On the Adamant review – Berlin winner offers art and soul aboard a floating Parisian day-care centre

Nicolas Philibert’s warm and sympathetic documentary about a boat for mental-health patients on the Seine is a worthy winner of the Berlin film festival’s Golden Bear

There was real justice in Kristen Stewart’s Berlin jury awarding their top prize, the Golden Bear, to this excellent movie from the 72-year-old French director and lion of documentary film-making, Nicolas Philibert. His film is compassionate, intelligent and shrewdly observed; it is about a Paris landmark which has only been in existence for 13 years but which tourists and anyone with an interest in mental health should really come and marvel at. The Adamant is a floating day-care centre for people with mental disorders, permanently moored on the Seine just by the Charles de Gaulle bridge. The design is half Mississippi gamblers’ riverboat, half art studio, with an elegant system of automatically opening louvred windows which make the most of daylight. The staff offer counselling and art therapy through music, painting, craft, literature and cinema. The Adamant hosts its own annual film festival for which the patients choose the films. There is also a cafe and bar.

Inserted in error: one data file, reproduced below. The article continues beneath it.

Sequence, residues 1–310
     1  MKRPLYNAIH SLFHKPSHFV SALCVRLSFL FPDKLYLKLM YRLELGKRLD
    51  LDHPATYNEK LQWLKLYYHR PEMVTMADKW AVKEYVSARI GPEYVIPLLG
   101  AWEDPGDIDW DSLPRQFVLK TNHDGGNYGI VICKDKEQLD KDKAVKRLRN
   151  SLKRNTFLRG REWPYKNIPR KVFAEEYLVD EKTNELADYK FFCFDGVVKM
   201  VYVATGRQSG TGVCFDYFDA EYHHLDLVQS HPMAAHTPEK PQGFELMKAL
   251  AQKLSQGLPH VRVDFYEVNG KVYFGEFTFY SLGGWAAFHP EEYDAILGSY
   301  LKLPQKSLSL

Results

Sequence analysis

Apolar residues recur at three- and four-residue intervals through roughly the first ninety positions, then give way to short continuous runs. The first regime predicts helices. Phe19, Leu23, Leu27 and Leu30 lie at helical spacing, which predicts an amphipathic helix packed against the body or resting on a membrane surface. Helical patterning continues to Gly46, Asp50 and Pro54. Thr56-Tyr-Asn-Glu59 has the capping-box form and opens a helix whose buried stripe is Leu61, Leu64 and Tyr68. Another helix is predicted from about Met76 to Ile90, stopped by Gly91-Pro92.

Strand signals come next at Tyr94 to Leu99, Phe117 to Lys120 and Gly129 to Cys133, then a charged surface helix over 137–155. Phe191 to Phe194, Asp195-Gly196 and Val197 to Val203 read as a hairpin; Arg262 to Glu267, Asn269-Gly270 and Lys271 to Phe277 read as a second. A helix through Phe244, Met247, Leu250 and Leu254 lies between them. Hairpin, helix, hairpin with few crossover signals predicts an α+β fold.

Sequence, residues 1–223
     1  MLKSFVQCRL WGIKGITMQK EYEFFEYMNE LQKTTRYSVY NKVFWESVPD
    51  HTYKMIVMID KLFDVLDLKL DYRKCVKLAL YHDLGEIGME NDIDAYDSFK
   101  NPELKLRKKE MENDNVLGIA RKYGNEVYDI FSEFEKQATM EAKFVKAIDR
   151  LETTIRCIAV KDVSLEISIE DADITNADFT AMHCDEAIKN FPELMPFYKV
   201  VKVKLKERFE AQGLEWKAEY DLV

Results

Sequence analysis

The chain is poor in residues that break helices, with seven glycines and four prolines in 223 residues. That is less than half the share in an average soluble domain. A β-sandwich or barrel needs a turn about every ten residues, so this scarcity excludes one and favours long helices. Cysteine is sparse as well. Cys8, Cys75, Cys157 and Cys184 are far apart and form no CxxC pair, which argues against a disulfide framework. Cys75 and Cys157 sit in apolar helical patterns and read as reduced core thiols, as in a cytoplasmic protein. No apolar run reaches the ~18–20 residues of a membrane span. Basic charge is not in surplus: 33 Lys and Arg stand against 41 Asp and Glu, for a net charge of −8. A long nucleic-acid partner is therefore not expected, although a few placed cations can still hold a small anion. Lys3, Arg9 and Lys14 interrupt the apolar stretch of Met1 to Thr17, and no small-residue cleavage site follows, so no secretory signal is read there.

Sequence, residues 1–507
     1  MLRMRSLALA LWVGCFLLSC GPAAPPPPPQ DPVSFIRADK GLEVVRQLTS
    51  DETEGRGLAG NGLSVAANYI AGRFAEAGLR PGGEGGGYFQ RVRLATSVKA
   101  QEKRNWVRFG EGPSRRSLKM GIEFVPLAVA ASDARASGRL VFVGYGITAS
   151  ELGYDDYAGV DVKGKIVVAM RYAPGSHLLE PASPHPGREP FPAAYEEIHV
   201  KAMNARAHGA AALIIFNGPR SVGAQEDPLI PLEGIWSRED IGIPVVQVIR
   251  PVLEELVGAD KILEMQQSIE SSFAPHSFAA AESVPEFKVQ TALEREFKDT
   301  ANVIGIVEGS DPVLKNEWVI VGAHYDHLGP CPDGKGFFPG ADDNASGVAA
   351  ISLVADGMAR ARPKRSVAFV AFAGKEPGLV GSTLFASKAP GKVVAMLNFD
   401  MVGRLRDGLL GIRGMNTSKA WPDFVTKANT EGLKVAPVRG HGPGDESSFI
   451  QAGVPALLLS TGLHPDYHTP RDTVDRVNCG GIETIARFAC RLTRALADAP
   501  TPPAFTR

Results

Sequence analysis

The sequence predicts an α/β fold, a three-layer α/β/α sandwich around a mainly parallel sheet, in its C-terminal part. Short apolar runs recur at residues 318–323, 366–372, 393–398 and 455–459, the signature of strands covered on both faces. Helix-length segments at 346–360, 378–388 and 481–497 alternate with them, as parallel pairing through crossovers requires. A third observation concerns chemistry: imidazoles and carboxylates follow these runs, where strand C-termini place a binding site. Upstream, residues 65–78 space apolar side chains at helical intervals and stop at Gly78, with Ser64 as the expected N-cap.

The vessel’s name, the Adamant, is interestingly old-fashioned, like calling it the Fighting Temeraire. But it’s appropriate. Everyone involved is determined that the French state should protect this kind of respectful, collegiate approach which treats patients as human beings.

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Category: Mental Health